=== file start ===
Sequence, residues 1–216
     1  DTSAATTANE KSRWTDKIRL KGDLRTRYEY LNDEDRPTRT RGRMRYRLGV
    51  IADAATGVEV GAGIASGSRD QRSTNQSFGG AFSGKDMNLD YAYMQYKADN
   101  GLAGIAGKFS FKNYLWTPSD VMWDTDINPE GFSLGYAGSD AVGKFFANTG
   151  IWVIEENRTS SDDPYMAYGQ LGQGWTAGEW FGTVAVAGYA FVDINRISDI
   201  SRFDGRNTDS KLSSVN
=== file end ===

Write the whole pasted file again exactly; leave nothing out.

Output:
Sequence, residues 1–216
     1  DTSAATTANE KSRWTDKIRL KGDLRTRYEY LNDEDRPTRT RGRMRYRLGV
    51  IADAATGVEV GAGIASGSRD QRSTNQSFGG AFSGKDMNLD YAYMQYKADN
   101  GLAGIAGKFS FKNYLWTPSD VMWDTDINPE GFSLGYAGSD AVGKFFANTG
   151  IWVIEENRTS SDDPYMAYGQ LGQGWTAGEW FGTVAVAGYA FVDINRISDI
   201  SRFDGRNTDS KLSSVN